Poling Nube....

Ok… I see the reason for poling. I ran into a section of river that it would have been great to have a pole and know how to use it. So… do you MAKE a pole or buy one? Tips to making one?

Here ya go…




I JUST came across the plans for the wood one. That seems like a good place to start and see if I can even POLE! lol

You may also find this very helpful…

We use wood closet rods from Lowes.

Welcome to the club !!
There is a small but active number of Polers here on the east coast , myself being one of them. I’d go with the wood one for now ( more forgiving ) and perhaps get an aluminum one in the future after getting the hang of it. I plan to start manufacturing aluminum Poles soon to sell for around 50 bucks-- I’ll keep ya posted. By the way, what kind of Canoe will you be using??

I have an old thin fiberglass. Black River. It is about 15 foot and 32 inches wide.

bought a pole
Picked up a closet rod and a $1 threaded steel cap that threaded right into the wood. Time to start falling in!! lol

many "step outs"
to go before you gain “intermediate” status ;-). Enjoy it, it puts a whole new spin on the water and your boat. Just messin’ around in boats…

I am sure I will get a feel for it, but how do I keep the bow from flipping around on me when poling up a steady stream? Do I have to keep poling on both sides like a canoe stroke?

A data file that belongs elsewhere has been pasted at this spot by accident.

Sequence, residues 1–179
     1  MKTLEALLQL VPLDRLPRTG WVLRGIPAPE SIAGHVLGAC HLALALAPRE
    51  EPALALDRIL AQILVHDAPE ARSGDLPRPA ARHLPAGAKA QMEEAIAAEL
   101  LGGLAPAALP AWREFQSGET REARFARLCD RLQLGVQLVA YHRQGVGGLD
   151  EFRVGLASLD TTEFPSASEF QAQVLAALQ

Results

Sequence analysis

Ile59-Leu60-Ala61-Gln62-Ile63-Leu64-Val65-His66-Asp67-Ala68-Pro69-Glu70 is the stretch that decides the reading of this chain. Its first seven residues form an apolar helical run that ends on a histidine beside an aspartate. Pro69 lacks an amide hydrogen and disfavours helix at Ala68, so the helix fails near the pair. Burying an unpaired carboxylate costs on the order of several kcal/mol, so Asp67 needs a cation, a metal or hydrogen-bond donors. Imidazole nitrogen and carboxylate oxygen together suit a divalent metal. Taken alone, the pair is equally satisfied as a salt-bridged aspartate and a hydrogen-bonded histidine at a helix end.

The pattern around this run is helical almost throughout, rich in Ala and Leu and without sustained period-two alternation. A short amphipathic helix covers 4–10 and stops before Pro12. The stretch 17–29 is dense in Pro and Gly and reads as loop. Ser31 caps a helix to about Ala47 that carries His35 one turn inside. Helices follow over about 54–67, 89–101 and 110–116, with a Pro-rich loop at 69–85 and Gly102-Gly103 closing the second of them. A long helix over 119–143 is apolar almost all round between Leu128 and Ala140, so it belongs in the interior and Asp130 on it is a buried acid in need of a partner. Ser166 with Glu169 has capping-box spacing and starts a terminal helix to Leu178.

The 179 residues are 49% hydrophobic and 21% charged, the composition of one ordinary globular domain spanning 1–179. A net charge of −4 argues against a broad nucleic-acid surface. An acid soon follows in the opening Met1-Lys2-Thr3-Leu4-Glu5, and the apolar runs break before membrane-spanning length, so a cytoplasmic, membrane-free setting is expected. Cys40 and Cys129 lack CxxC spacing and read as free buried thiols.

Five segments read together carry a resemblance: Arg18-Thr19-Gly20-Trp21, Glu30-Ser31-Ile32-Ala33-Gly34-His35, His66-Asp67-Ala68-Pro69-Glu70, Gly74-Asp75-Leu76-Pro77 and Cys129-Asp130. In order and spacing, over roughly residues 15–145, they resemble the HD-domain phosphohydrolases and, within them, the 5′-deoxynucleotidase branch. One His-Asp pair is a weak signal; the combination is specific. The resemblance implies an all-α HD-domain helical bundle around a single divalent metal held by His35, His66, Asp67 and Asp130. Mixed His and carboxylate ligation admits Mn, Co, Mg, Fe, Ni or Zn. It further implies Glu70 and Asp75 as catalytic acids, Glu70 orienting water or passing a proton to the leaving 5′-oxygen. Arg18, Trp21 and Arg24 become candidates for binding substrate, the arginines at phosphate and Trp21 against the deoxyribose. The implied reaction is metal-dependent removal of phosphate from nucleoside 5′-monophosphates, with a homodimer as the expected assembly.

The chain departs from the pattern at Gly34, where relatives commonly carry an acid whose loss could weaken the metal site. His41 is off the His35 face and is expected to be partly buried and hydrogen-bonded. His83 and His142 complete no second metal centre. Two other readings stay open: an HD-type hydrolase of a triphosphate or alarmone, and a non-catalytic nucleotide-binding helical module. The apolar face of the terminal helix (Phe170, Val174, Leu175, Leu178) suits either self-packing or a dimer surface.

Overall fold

on keeping pole in close, and pushing straight back; it’s easy to start pushing to the side a bit. Leaning the canoe and adjusting feet will also affect direction. Dragging the pole thru the water will also rudder the boat…just mess around, you’ll get the hang of it, at least on predictable flows and bottoms.

Your canoe is a little on the narrow side, so you might expect to have a little more of a challenge with staying upright in your boat. Don’t let that bother you - there is at least one canoe designed for poling that is 32" wide, although it is a few inches longer than 15". Expect to get wet. We all do sometimes - especially starting out.

The current will try to grab your bow and push it downstream. Having some rocker helps, but you’ll need to stand a foot or two behind neutral trim to keep the bow from grabbing. Don’t get too far back though, or you lose too much efficiency. You’ll find the sweet spot for your canoe with experimentation.

If you don’t want to spend the bucks on Harry Rock’s latest material, there is also this option…


The book helps a lot for someone who isn’t near anyone that can show you the ropes - but I found the video to help even more. Get the earlier (and cheaper) book first. When you hit a wall in your learning curve (as I did) either find someone who can teach you face-to-face, or get Harry’s video.

Nothing gets you past your mistakes like seeing someone doing it right - and so far, there are very few really good poling videos on the 'net. Here’s a couple though…



that was pretty impressive, can’t imagine how many times i woulda been swimming!